Originally published in the March 2023 issue of Bench & Bar of Minnesota Environmental Law Update, Minnesota State Bar Association.
EPA recently doubled down on the commitment it made in the 2021-2024 PFAS Strategic Roadmap. PFAS (Per- and Poly-fluoroalkyl substances) are a large group of chemicals historically used in consumer products and industrial processes. EPA has targeted PFAS due to their accumulation and persistence in the environment and the associated risks of human and animal health problems. Recent EPA activity includes the following:
Guidance on Addressing PFAS in NPDES Permits: On December 6, 2022, EPA issued a guidance memo for state environmental agencies that issue wastewater and stormwater discharge permits under the Clean Water Act’s (“CWA”) National Pollutant Discharge Elimination System (“NPDES”) and manage CWA pretreatment programs. Memorandum from Radhika Fox, EPA Ass. Administrator, to EPA Regional Water Division Directors, Regions 1-10, “Addressing PFAS Discharges in NPDES Permits and Through the Pretreatment Program and Monitoring Programs” (Dec. 5, 2022). The memo advises use of the most current sampling and analysis methods to identify sources of PFAS. The memo also identifies various means under NPDES permitting program to regulate PFAS discharges from Publicly Owned Treatment Works (POTWs), industrial facilities, and stormwater discharges, e.g., by imposing technology-based effluent limits or establishing PFAS best management practices in an NPDES permit.
TSCA Significant New Use Rule for Inactive PFAS: On January 26, 2023, EPA published in the Federal Register a significant new use rule (SNUR) under the Toxic Substances Control Act (TSCA) for those per- and poly-fluoroalkyl substances (PFAS) that have not been manufactured (including imported) or processed for many years and are consequently designated as inactive on the TSCA Chemical Substance Inventory. 88 Fed. Reg. 4937 (Jan. 26, 2023). Persons subject to the SNUR would be required to notify EPA at least 90 days before commencing any manufacture (including import) or processing of the chemical substance for a significant new use. Once EPA receives a notification, EPA would require a demonstration that the proposed use does not pose an unreasonable risk to human health and the environment. The public comment period for this rule extends through March 27, 2023.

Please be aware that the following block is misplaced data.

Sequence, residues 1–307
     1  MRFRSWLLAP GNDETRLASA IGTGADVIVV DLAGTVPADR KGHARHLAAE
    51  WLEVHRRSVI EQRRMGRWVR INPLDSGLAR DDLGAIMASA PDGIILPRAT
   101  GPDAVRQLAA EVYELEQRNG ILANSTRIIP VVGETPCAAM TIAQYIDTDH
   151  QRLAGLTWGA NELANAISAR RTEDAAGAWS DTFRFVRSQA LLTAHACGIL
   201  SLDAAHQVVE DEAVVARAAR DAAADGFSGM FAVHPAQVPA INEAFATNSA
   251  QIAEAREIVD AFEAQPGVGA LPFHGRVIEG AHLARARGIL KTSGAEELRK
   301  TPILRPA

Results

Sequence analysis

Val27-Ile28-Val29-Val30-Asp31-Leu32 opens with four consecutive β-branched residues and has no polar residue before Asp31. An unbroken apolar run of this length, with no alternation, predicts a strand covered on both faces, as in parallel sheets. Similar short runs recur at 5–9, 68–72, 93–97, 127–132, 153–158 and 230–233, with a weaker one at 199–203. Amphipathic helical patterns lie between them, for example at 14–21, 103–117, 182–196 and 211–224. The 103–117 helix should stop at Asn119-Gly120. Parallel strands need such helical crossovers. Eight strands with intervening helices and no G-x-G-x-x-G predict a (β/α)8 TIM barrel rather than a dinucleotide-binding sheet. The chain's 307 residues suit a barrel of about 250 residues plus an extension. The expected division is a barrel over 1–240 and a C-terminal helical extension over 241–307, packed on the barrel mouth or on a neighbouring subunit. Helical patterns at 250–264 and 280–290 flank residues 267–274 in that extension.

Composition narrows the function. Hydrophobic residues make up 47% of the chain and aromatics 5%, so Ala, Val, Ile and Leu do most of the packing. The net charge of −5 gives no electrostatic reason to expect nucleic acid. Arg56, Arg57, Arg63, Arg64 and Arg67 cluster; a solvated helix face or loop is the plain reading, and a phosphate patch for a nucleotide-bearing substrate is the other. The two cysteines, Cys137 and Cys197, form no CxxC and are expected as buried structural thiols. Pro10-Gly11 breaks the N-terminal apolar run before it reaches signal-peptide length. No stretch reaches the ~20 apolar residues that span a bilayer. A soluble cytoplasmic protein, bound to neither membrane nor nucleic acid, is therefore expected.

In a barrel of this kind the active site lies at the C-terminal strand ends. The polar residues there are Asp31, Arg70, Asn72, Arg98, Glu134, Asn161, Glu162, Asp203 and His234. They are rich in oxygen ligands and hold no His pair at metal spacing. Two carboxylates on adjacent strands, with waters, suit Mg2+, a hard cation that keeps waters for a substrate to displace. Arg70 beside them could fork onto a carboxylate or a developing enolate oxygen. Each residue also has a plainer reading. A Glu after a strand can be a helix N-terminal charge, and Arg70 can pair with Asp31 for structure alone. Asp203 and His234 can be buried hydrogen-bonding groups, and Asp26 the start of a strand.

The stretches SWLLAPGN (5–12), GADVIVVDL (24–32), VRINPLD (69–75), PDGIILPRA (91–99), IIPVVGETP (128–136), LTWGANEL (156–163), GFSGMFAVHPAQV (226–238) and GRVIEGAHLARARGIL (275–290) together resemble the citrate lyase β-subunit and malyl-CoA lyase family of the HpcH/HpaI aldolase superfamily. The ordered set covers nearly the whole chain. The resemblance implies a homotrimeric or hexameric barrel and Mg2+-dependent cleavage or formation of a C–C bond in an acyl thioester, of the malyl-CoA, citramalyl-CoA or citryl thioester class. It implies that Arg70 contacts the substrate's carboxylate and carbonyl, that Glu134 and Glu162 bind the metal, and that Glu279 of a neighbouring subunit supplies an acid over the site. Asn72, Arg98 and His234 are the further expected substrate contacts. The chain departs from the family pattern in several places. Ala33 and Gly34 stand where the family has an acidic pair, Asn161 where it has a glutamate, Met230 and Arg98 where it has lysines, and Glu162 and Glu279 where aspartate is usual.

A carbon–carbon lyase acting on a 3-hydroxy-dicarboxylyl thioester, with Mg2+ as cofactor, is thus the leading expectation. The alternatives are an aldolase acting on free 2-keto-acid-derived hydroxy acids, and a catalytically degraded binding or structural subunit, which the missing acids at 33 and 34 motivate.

Updated CERCLA AAI Standard Referencing PFAS: In addition to this proposed rule, EPA published a final rule relating to PFAS. This rule affects the ability to seek liability protection under the Comprehensive Environmental Response, Compensation and Liability Act (“CERCLA”) by conducting “all appropriate inquiries” into the environmental condition of a property prior to purchase. 87 Fed. Reg. 76578 (Dec. 15, 2022). (The rule adopts the updated American Society for Testing and Materials (“ASTM”) International’s “Standard Practice for Environmental Site Assessments: Phase I Environmental Site Assessment Process.” The new standard (E1527-21) replaces the old standard (E1527-13) that has been used since 2013.
EPA’s new all appropriate inquiries rule recognizes that emerging contaminants such as PFAS may be addressed in a Phase I. For now, PFAS are not required to be considered under the ASTM standard but may be included in a Phase I report as a “non-scope consideration.” Once EPA classifies one of the PFAS as a hazardous substance under CERCLA, it will become subject to review in Phase I assessments. It is expected that EPA will classify certain PFAS (PFOA and PFOS) as hazardous substances later this year when a rule proposed on August 25, 2022, is finalized.
PFAS Proposed as EPA Enforcement & Compliance Initiative: Finally, EPA proposed addressing PFAS contamination as one of the National Enforcement and Compliance Initiatives (“NECI”) for the 2024-2027 cycle. 88 Fed. Reg. 2093 (Jan. 12, 2023). NECI are selected every four years to determine where to focus EPA’s resources. With PFAS as a NECI, EPA would focus on identifying the extent of existing PFAS contamination in the environment. When the need for cleanup is identified, EPA would use its enforcement authority to hold companies responsible for the costs. In particular, EPA identified an intent to pursue liability under CERCLA for PFAS manufacturers. EPA is seeking comments on this proposal until March 13, 2023.